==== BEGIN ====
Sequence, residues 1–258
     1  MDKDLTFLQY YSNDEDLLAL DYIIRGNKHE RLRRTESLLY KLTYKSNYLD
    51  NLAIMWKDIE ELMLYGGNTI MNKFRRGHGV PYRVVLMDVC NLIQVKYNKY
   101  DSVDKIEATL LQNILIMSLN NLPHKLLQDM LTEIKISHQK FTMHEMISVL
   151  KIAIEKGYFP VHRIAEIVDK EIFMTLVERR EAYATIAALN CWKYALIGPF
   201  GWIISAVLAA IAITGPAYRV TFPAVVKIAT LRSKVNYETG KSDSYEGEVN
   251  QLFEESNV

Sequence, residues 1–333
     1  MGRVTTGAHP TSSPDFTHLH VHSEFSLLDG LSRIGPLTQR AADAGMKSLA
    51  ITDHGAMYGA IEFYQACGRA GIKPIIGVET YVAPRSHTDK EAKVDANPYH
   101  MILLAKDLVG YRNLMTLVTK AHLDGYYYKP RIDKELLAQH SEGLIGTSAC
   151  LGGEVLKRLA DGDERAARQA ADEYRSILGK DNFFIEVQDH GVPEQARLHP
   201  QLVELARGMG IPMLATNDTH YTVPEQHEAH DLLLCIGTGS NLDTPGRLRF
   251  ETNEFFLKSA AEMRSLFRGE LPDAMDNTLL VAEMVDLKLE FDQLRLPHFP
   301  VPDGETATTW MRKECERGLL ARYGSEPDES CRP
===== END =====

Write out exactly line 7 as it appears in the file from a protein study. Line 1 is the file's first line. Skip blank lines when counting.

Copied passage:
   251  QLFEESNV